Michael O. Boev wrote:
> From: Terry Lambert [mailto:[EMAIL PROTECTED]
> > "Michael O. Boev" wrote:
> > > I've got a [uniprocessor 5.1-RELEASE] router machine with fxp
> > > and em nics.
> > > I've built my kernel with the following included:
> > >
> > > options         DEVICE_POLLING
> > > options         HZ=2500
> > >
> > > and enabled polling in /etc/sysctl.conf.
> > [ ... ]
> > > What's happening? Is polling working in my case?
> > > If yes, why is vmstat showing interrupts? I see clearly,
> > > that fxp's counter doesn't increase, and em's is constantly growing.
> > >
> > > Is there anyone who knows for sure that em's polling works?
> >
> > You may want to ask Luigi; polling is his code.
> >
> > However, I believe the issue is that polling doesn't start
> > until you take an interrupt, and it stops as soon as there is
> > no more data to process, and waits for the next interrupt.
> >
> > If you were to jack your load way up, you would probably see
> > an increase in interrupts, then them dropping off dramatically.
> To this dare I object, that there is traffic going through this machine,
> and fxp0 is NOT generating interrupts, while em IS. So, if the rule above
> works, they both have to behave in same ways.

This is the third time I've received this message.  I guess you feel some
urgency about receiving a reply?

My answer is this:  I did the polling code for a number of the drivers, and
though it was committed by someone else, I can guarantee you that it
will have interrupts, unless the code was implemented incorreectly, since
the code is meant to  do this polling only under heavy load.

The purpose of going to a polling model is *not* to avoid interrupts, it's
to avoid processing data into the input routines when you don't have
enough CPU cycles to deal with it before more data comes in.  In other
words, it's to deal with the situation where you would end up in receiver
livelock as a result of taking so many interrupts that you never get an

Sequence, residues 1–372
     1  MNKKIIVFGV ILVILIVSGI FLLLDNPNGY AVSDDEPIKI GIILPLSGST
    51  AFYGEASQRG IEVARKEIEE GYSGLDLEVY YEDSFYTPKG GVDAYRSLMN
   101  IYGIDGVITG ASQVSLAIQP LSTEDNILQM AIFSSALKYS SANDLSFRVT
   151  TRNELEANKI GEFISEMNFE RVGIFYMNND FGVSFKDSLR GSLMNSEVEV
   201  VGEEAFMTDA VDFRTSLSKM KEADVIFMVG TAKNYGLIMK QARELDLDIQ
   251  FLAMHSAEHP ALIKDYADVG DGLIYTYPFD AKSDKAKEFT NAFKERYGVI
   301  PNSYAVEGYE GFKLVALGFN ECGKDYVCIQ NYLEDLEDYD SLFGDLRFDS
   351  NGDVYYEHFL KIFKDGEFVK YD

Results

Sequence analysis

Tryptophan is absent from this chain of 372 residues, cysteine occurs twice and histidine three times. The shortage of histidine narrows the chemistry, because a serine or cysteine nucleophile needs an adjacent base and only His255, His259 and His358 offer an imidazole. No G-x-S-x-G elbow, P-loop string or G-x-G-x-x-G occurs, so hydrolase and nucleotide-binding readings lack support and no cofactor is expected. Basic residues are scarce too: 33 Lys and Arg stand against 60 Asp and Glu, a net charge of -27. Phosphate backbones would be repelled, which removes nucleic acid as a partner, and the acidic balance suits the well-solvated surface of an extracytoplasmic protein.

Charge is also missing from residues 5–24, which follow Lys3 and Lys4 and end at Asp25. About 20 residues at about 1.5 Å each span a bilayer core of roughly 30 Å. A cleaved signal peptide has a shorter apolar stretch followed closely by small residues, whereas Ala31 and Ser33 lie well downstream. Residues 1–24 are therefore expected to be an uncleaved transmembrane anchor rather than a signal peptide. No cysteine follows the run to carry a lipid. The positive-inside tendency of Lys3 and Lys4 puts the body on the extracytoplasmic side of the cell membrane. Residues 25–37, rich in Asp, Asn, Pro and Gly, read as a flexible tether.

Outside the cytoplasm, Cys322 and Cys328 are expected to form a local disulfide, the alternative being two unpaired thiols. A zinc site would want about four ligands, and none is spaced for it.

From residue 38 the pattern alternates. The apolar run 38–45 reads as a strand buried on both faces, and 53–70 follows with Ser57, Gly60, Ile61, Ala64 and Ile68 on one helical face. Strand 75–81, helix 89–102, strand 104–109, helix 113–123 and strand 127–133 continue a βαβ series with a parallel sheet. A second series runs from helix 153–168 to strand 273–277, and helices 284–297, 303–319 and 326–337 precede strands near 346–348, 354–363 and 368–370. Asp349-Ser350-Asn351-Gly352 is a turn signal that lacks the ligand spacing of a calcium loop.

oportunity to process the packets out of the input queue into the per
protocol input routines at NETISR, or from the top-of stack (socket
buffers) into the user buffers in user space, or run the code in user space
to take the data and generate a reply, or in kernel space to send the
reply out.

In other words, you *only ever* want to do polling when you have sufficient
load to make polling worthwhile, and when you do it under low loads, you
are actually *wasting* cycles, rather than *saving* them.

Polling never *saves* cycles, per se, it only causes incoming data to be
dropped (and, presumably, retransmitted) by the other end of the

For this, because there is not specific card support for it, and there's no
interface entry points to deal with it, even if there were, the DMA engine on
the card is *NOT* halted, you *still* eat bus transfer overhead, and it still
eats up your PCI bandwidth, and this cost is *incredibly* larger than just
interrupt and requeueing overhead.

If your FXP is not generating any interrupts at all, i think that the polling
code in it is probably broken.

Note: I believe this might be one of the ones I modified, since Luigi's code
originally only dealt with Gigabit NICs, though I may be mistaken.  If so,
my statement that it's broken should be considered to be pretty
authoritative.  8-).

-- Terry
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